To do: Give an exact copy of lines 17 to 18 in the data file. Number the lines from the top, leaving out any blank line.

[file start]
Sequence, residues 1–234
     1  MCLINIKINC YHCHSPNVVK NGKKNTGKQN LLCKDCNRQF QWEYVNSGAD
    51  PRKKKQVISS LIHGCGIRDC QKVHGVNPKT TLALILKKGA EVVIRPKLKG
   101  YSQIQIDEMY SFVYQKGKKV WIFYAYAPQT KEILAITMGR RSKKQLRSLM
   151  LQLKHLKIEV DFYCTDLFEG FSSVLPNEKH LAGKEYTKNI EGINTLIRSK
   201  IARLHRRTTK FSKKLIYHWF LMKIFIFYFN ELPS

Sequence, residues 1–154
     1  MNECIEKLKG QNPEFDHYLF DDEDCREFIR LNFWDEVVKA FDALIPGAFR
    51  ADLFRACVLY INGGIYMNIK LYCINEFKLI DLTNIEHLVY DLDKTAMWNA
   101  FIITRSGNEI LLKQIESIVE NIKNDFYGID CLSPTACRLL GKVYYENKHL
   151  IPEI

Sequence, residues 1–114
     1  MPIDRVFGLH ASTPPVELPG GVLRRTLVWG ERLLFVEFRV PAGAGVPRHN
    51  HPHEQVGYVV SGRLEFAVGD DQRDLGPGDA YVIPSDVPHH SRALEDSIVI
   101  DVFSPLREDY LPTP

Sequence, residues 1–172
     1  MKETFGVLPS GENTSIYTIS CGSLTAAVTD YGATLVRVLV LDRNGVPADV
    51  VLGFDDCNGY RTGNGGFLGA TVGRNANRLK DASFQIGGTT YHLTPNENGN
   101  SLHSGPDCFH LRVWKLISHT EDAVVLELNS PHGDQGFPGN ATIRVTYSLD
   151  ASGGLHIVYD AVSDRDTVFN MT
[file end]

     1  MKETFGVLPS GENTSIYTIS CGSLTAAVTD YGATLVRVLV LDRNGVPADV
    51  VLGFDDCNGY RTGNGGFLGA TVGRNANRLK DASFQIGGTT YHLTPNENGN